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1/1 - Michal Rovner, Mathematics, 2007, framed LCD screen, paper, computer and digital files, 31” x 19”.

1/1 - Michal Rovner, Mathematics, 2007, framed LCD screen, paper, computer and digital files, 31” x 19”.

Israel's many faces on display at MOCA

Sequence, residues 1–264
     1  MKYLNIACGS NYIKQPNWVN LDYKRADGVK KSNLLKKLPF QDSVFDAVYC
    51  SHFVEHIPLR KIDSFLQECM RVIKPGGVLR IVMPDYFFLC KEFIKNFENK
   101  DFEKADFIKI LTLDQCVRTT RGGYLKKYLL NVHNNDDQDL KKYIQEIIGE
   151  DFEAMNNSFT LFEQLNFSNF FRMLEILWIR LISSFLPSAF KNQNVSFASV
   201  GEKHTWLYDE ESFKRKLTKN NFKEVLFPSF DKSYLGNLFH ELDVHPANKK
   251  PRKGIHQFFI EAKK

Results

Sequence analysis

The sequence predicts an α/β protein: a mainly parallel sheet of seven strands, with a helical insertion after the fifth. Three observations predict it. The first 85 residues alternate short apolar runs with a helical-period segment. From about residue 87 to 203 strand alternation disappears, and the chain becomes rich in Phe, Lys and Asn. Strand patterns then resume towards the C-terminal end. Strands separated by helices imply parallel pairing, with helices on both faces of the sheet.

A mother cradles her baby in one arm and an AK-47 in another in Rina Castelnuovo’s searing photograph “Gush Katif.” A pair of photographs by Barry Fryd-lender captures a lively café scene in downtown Tel Aviv and the café’s aftermath following a suicide bombing. Natan Dvir looks at the variety and depth of religious faith in Israel in a trio of photographs, including a Christian baptism, a Muslim gathering, and a haredi (ultra-Orthodox) Purim celebration. These are but three of nine Israeli artists whose work comprises a new exhibit, “Hugging and Wrestling: Contemporary Israeli Photography and Video.” It’s at MOCA Cleveland Sept. 12-Jan. 10. Conceived by MOCA’s artistic director Jill Snyder and curated by senior curator Margo Ann Crutchfield, the exhibit examines the historical, political, socio-economic and religious landscape of Israel through each artist’s perspective. One of MOCA’s goals and key to its mission is to show what is happening in contemporary art around the world, in addition to the strong regional representation. In recent years, Israeli artists have come to the fore, particularly Tel Aviv artists who have captured the attention of the international art scene, says Crutchfield. “Aesthetically, these works are gorgeous,” she adds. “They are rigorous in the message, while remaining visually engaging. Some of the video works are emotionally moving.” The exhibit’s title – “Hugging and Wrestling…” – is as intriguing as the art. These are artists who embrace their country and at the same time wrestle with its problems, explains the curator. For Crutchfield, nothing epitomizes the title better than Castelnuovo’s compelling and disturbing photograph of a bride and an Israeli army tank sharing the same plane in “Alumim, Gaza Border.” Upon first entering the gallery, the viewer is greeted with Rona Yefman’s video installation “Pippi Longstocking, the Strongest Girl in the World, at Abu Dis.” In it, Yefman, who graduated from art school this past June, impersonates the famed storybook character of the girl who could do anything as attempting to tear apart Abu Dis, the barrier that separates Israel from the territories. For the artist, this work is about hope and about overcoming the divisions of the past and the possibility of a better future. Dana Levy, another young video artist, depicts people talking about their hopes and fears in “The Dreamers.” Children describe playing without hearing because bombs are dropping in the background. A Jordanian expresses his desire to go home, just for a day, to see where he lived 40 years ago. Michal Rovner, one of the most important and well-known artists in Israel, is also featured. Rovner represented Israel at the prestigious Venice Biennale and was one of the few non-American artists to have a one-person exhibition at the Whitney Museum of American Art in New York. Her work is the most abstract in the show. In “Mathematics,” Rovner videos real people in motion, then, with the help of a computer, reduces them in size, whereby, as tiny figures, they resemble the letters of an ancient text. Another well-established artist is Ori Gersht, whose trio of photographs are from his “Ghost-Olive” series. The olive tree, the most sacred of the seven natural plants in the Middle East, remains a symbol of sustenance and survival. Here, the artist has overexposed the film in the midday sun, fading the images of these ancient and stately trees to suggest their ghostlike fragility. Gersht’s video installation “The Forest” features a peaceful image of a lush, untrampled glen, which is intermittently shattered by the sound of a tree crashing to the ground. This is the forest where Gersht’s family was exterminated in the Ukraine during the Holocaust. For Crutchfield, the video captures the contrast between beauty and horror, remembering and forgetting. Not all of the art is serious. Fryd-lender shoots a rock concert on a beach in “Bombamela” and a bustling downtown scene in secular Tel Aviv, wittily titled “Friday.” Still, politics is never far from the surface. One of the most overtly political works is Frydlender’s “Waiting, 38 years (end of Occupation? Series #1)” in which a group of Palestinians are seen watching the evacuation of a settlement. “Here we have an Israeli artist looking at the situation from a Palestinian point of view,” explains Crutchfield. Frydlender is one of the few Israeli artists to have had a solo exhibition at The Museum of Modern Art in New York City. The omnipresence of war and how it relates to Israeli life is the subject of Yael Bartana’s video installation “Trembling Time.” Every year on Yom Hazikaron, or Day of Remembrance for the victims of war and fallen soldiers, sirens heard throughout the country call for all citizens to observe two minutes of silence. From Bartana’s camera poised above a Tel Aviv highway at night, we watch as the ghostly stream of traffic grinds slowly to a halt. Shadowy figures emerge from their cars to observe the ritual in eerie silence, a rare moment of unity when the entire population comes together. Adi Nes portrays homeless people as latter-day biblical heroes in “Untitled (David and Jonathan)” and “Abraham and Isaac.” These scenarios conflate past and present, while addressing the social inequities of poverty and homelessness in contemporary Tel Aviv. As a non-Jew, Crutchfield has found the experience of curating the exhibit to be a process of discovery. “I’ve been privileged to learn more about the history of the region, its people; it’s been a fascinating process.” What would Crutchfield like the viewer to take away from the exhibit? “That the cost of war and conflict has a very real impact on everyday people. And that the human cost of war is immeasurable. That art can be a vehicle of not only beauty, but also a means to convey complex ideas about social and political situations.” One of the exhibit’s strengths is its balanced approach to the myriad points of view expressed by each of the artists. At the same time, some of the art is confrontational, challenging the viewer to question his or her own preconceptions. “Hugging and Wrestling” is dedicated to the memory of Rosalie and Mort Cohen, lifelong supporters of MOCA Cleveland and the visual arts. The exhibit is made possible by the Jewish Community Federation with major support from Forest City Enterprises and the Cleveland Jewish News. Additional support is from Artis-Contemporary Israeli Art Fund and the Consul General of Israel to the Mid-Atlantic Region of the United States.